In the case of a hydrate-culmination gas deposit, the drilling strategy can be ei­ther direct or indirect. In the first case, the gas reservoir is drilled directly through the hydrate and in the second case, the gas is drilled and tapped from the side, or possibly from below the gas closure, through the use of horizontal drilling tech­niques. Direct drilling into a normally pressurized gas trap does not usually result in undue safety or blowout problems because of the physical strength of the res­ervoir. Recent advances in drilling technology, which allow for considerable lateral and possible upward return drilling, might be used to avoid problems asso­ciated with direct drilling.

Avoiding technical problems associated with drilling directly down through the hydrate layer may be preferable to attempting to compensate for them. Indirect drilling, for instance, would penetrate the hydrate stability zone to the side of a bathymetric culmination gas trap, minimizing the likelihood of blowout. There is an additional advantage in having a long lateral hole in a gas reservoir: drawdown of gas would take place over a broad area through the reservoir rather than being localized near a vertical hole exposed to a shorter gas section.

A larger drawdown intersection may make it easier to maintain reservoir pres­sure and hydrate cap stability, as well as compensating for low or variable porosity and permeability.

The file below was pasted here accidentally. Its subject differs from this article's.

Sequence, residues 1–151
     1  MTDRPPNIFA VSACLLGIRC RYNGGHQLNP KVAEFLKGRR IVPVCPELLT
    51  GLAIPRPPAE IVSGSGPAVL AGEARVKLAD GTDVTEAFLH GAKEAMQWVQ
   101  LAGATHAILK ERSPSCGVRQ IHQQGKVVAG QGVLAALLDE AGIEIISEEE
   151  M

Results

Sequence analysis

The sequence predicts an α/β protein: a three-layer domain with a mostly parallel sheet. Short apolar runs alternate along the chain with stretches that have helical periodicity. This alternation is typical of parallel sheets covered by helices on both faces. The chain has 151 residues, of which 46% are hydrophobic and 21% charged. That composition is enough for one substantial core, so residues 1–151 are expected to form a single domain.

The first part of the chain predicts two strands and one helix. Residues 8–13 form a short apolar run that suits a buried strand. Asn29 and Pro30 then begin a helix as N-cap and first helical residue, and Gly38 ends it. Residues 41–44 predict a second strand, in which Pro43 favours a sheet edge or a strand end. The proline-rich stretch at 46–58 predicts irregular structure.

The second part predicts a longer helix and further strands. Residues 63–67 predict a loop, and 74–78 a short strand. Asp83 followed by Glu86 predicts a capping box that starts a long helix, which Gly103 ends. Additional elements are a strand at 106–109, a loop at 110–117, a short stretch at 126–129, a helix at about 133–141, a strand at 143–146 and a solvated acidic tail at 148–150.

Currently available drill string lengths are up to 8-10 km. In deep water, and to a lesser extent on continental slopes where terrigenous marine sediments are more common, the sediments are generally fine-grained silts and clays. As a result, the theoretical maximum drill string lengths may be realized in practice. Because the maximum water depths at which drilling can take place are no more than 5 km, the excess string length could be applied to curved and horizontal runs to indirectly tap hydrate-trapped gas.

Drilling within the hydrate economic zone, which extends no more than about 1­1.25 km below the seafloor mud line, can be carried out differently from conven­tional drilling. Ordinary drilling must penetrate much deeper below the seafloor and is likely to encounter a much wider variety of drilling conditions, including rocklike materials and substantially higher temperatures. To reduce the cost of completing the wells, a drill-in, telescopic casing system technique would be employed.

A workboat-based, riserless coiled tubing drilling system is proposed for this application. Composite coiled tubing would be used to drill in a horizontal pro­duction casing a few hundred meters beneath the seafloor. Large numbers of these low-cost wells could be tied together to support an offshore production facility and pipeline transport to shore. Figure 5.5 shows a riserless drilling and production system for gas hydrates.

Offshore operators have from time to time reported problems in drilling through gas hydrate zones. Drillers seeking conventional hydrocarbons have whenever possible purposely avoided drilling through natural gas hydrates because the proc­ess introduces two foreign sources of heat, friction and circulated drilling mud, that can cause dissociation of hydrates immediately adjacent to the borehole. When this is not avoidable, the hydrate stability zone is drilled and cased as fast as possible to minimize the risk of wall failure, perhaps leading to loss of the hole. Additionally, the free-gas zone beneath a hydrate cap can be overpressured, such that drilling into it without taking proper precautions can result in a blowout, just as is the case when conventional oil and gas drilling targets are involved. The Minerals Man­agement Service has long maintained maps of the potential offshore natural gas hydrate occurrences to help ensure that this and the next category of risks are avoided or anticipated.